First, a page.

Athletic Administrators Perceptions of Work –Life Balance Policies: A Divisional Comparison
Intercollegiate athletics is recognized as a dynamic industry that places high demands on the time and energy of personnel regardless of the competitive division or size of the institution. Personal sacrifices in time and energy for the sake of the program are equated with contributing to high levels of work-life conflict. The purpose of this study was to analyze the perceptions towards work and life conflict among senior woman administrators and athletic directors at NCAA Division I, II, and III institutions regarding the work-life climate within the athletic department and the existence of workplace benefits offered at their institution. The impact of the presence of children on the perception of work-life climate within the athletic department was also examined. There were significant differences noted in the availability of benefits between DI and DII / DIII, but no significant differences in the perceptions of availability of benefits between ADs and SWAs.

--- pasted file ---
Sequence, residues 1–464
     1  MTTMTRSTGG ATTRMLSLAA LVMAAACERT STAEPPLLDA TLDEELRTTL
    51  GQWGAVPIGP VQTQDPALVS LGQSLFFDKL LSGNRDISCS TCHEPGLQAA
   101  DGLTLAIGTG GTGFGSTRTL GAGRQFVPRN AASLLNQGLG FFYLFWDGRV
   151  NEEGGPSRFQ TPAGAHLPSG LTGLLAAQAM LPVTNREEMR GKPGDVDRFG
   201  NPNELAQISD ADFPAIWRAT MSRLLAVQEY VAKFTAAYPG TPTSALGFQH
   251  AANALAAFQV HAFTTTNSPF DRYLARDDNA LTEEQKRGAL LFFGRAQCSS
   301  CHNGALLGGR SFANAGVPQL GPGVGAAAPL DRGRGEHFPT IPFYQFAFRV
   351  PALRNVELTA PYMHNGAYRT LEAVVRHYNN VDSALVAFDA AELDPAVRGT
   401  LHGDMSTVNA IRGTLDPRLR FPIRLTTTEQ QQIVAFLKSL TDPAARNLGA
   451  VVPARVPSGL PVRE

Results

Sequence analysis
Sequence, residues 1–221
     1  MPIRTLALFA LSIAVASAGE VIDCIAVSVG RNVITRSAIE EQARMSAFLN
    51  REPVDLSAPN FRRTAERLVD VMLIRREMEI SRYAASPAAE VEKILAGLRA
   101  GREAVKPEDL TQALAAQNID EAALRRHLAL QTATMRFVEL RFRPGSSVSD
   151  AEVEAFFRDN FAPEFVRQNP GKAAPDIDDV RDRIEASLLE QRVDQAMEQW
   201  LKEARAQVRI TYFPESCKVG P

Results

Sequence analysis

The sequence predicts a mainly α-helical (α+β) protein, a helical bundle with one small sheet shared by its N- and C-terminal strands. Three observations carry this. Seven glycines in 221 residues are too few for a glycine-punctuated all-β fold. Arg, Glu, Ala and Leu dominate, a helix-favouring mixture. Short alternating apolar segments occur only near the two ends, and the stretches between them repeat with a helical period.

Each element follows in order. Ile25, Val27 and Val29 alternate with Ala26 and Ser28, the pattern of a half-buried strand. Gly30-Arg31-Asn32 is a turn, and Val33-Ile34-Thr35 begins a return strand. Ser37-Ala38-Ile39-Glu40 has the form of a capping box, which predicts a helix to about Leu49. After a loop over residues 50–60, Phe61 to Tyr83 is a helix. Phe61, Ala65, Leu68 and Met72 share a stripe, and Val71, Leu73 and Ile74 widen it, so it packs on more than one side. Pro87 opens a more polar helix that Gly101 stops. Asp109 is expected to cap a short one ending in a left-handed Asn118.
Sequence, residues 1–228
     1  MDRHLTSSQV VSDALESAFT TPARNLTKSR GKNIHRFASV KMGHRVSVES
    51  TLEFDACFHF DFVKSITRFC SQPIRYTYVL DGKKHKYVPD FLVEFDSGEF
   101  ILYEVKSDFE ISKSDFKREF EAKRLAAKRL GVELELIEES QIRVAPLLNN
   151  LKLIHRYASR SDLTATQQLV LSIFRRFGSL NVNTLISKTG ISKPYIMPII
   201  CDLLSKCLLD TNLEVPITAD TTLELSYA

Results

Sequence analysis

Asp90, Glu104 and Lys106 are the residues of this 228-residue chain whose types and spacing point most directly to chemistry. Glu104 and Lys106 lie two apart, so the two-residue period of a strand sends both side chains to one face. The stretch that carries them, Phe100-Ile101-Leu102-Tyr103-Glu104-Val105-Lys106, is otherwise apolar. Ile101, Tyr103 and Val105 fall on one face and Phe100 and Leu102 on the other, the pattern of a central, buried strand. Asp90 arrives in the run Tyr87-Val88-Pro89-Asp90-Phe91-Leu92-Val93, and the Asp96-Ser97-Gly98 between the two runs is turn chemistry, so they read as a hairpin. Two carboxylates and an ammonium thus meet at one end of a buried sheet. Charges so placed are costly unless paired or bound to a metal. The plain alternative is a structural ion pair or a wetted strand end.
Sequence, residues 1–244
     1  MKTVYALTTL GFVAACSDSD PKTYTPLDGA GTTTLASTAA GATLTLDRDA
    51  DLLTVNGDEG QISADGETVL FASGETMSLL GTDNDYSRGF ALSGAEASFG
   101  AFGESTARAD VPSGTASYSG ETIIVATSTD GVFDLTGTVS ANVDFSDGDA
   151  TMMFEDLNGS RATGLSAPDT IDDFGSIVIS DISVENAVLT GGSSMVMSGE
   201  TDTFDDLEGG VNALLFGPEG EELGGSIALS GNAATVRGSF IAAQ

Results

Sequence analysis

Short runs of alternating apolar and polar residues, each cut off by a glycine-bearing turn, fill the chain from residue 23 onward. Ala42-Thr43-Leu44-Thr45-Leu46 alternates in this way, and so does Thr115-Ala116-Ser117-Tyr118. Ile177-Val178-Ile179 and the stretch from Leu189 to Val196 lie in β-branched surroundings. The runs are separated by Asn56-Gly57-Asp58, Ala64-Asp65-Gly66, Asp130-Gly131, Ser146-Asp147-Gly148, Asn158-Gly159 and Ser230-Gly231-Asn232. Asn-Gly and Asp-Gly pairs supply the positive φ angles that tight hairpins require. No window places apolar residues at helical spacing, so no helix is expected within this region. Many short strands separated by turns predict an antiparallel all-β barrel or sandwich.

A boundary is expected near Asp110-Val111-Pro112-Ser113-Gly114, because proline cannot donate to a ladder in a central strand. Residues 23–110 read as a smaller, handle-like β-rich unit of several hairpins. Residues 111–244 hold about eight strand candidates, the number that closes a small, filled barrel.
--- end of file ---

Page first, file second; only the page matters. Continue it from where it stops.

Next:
Education | Educational Psychology
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Lough, N. L.,
Athletic Administrators Perceptions of Work –Life Balance Policies: A Divisional Comparison.
Journal of Contemporary Athletics, 3(4),